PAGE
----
AAA 100% Analogue This LP was Remastered using Pure Analogue Components Only from the Master Tapes through to the Cutting Head
Speakers Corner / Deutsche Grammophon - DGG 2709 043
180 Gram Virgin Vinyl - 4260019714732 - Pressed at Pallas Germany
Pure Analogue Audiophile Mastering - Booklet - Limited Edition
The Absolute Sound Super Disc List - TAS Harry Pearson Super LP List
hifi + - March 2015 Roy Gregory Sound 9/10 Music 10/10
Carmen has always struck me as among the most accessible of operas: the French libretto & credible plot play to an Anglo-Saxon audience, the tunes are memorable, and you don’t have to wait too long for them to come along. But if you are in the re-issue game then where better to start? Speakers Corner has gone with DGG’s 1973 recording of Bernstein’s Metropolitan Opera production, captured at the Met itself. Its an interesting & unusual choice, not least because Bernstein chooses to use a score with considerable additional spoken dialogue.
Bernstein’s reading is slower of tempo & overall pace than many well-loved recordings of Carmen, ratcheting up the tension one notch at a time rather than dumping it on your lap. Nor is Home a match for the sultry Leontyne Price or the more multi-dimensional Victoria De Los Angeles, but then this is much more ensemble piece than a star vehicle, and in many ways it’s all the better for it.
“An excellent introduction to Carmen beautifully pressed and presented by Speakers Corner, this should be welcomed (and thoroughly enjoyed) by opera debutants and aficionados alike”. RG
Georges Bizet: "Carmen" - Marylin Horne, James McCracken, the Manhattan Opera Chorus and the Metropolitan Opera Orchestra conducted by Leonard Bernstein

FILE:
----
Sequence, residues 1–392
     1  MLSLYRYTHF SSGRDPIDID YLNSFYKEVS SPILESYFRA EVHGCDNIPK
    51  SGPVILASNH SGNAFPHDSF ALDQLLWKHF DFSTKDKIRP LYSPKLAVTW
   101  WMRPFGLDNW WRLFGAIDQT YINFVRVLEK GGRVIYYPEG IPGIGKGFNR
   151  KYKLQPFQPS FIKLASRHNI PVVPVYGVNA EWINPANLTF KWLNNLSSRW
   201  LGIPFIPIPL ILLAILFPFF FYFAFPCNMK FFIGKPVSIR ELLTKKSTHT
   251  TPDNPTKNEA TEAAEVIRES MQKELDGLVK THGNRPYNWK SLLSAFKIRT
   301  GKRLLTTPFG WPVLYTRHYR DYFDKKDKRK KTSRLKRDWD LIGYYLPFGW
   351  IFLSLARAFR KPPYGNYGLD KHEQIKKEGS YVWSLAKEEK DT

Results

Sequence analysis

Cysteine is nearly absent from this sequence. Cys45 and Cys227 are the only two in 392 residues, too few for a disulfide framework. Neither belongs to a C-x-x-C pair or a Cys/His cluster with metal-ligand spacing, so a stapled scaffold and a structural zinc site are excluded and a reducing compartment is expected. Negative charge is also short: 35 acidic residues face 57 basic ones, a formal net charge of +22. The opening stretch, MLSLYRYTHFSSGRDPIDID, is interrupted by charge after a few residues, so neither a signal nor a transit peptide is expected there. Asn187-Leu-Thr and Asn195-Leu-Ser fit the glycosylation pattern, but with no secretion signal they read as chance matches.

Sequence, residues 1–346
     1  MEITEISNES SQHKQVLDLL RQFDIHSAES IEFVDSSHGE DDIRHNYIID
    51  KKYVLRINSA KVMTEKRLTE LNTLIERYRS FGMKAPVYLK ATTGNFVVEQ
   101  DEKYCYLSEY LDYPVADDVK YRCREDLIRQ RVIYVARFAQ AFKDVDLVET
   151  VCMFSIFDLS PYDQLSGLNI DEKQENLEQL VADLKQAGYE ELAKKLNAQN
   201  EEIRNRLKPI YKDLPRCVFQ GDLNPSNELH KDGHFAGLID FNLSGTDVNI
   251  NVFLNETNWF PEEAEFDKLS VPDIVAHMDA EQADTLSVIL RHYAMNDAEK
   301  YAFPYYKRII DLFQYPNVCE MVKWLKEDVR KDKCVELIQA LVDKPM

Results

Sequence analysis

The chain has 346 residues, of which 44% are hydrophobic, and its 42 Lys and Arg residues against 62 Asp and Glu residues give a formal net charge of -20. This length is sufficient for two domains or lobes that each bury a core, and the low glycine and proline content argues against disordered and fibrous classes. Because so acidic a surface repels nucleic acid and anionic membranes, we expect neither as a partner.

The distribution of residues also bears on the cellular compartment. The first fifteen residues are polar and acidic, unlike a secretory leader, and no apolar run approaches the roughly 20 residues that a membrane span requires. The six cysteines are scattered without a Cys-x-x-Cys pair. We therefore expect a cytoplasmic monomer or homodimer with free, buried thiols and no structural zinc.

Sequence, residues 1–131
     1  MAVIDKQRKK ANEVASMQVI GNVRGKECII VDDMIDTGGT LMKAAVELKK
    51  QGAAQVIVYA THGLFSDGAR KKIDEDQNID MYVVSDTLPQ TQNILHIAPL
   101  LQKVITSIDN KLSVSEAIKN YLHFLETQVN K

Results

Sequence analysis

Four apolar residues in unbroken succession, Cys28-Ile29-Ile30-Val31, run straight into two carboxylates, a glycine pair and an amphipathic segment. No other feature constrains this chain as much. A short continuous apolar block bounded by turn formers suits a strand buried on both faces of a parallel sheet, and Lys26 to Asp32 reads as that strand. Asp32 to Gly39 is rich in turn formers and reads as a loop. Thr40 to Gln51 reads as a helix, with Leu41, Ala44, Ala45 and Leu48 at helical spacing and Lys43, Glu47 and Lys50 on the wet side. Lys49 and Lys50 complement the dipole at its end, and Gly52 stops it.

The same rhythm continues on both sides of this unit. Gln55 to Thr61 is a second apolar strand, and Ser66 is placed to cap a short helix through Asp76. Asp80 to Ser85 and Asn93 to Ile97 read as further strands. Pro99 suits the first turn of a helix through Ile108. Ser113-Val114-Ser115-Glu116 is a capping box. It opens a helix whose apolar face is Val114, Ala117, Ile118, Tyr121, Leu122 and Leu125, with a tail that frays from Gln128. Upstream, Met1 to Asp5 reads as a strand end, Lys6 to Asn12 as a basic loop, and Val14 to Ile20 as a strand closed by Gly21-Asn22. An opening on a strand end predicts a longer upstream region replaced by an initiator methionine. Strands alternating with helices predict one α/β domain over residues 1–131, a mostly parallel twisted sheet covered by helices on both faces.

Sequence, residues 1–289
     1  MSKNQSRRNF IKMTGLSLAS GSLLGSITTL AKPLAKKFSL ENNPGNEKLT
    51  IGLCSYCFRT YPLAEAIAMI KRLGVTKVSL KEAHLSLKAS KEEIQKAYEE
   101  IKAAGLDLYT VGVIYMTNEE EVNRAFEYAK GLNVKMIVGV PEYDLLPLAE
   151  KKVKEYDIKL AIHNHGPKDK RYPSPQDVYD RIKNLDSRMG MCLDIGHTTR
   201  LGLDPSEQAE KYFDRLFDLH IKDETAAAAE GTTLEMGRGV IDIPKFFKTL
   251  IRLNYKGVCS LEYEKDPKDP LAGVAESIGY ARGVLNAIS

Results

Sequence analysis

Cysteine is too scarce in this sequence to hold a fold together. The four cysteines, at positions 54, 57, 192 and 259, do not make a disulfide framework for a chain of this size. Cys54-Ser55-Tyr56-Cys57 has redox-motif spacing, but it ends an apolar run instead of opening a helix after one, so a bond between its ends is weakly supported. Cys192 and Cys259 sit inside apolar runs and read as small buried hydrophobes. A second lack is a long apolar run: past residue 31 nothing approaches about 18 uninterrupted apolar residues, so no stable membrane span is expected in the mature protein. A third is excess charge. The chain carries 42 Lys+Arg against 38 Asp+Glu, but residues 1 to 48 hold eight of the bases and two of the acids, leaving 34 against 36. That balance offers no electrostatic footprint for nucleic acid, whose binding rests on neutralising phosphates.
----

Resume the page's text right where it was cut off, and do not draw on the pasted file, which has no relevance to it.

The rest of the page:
his is a problem recording, and even fans of Leonard Bernstein and Marilyn Horne will find it odd writes a large mail-order media company about this "Carmen" production. However, discerning listeners who submerge themselves in the music will soon conclude that the problem is rather to be found among the many highly acclaimed and styled-up other recordings that present the fiery musical portrait as a sanitized, spirited indoor ballet. This is very different from Bernstein, who hints at the work’s inevitable tragedy already in the agonisingly weighty clashing cymbals of the surprisingly slow opening.
His rustic-sounding street scenes are filled with vaudeville, raw and authentic, and so typical of how people behave when they dance out-of-doors. This Carmen is far closer to the cracking "Westside Story" than a saturated "Traviata".
Marilyn Horne in the title role lends the full-blooded Carmen such an incredible voice in all manner of moods that one can hardly believe that we are listening to just one singer. One minute we hear the bright voice of a young girl lusting for life, and in the next minute the mezzo-like pained cry of a man-killing heroine.
James McCracken has a distinctive dry voice, which is full of rousing passion, and is ideal in the role of Don José. He is complemented by the dramatic, powerful baritone Tom Krause as the torero Escamillo.
Harry Pearson, the founder and former Editor in Chief of the specialist magazine "The Absolute Sound", accorded this outstanding recording a regular mention in his 'super disc' list – no problem!
Recording: September and October 1972 im Manhattan Center, New York Günter Hermanns
Production: Thomas W. Mowrey
Manhattan Opera Chorus
Metropolitan Opera Orchestra
Leonard Bernstein, conductor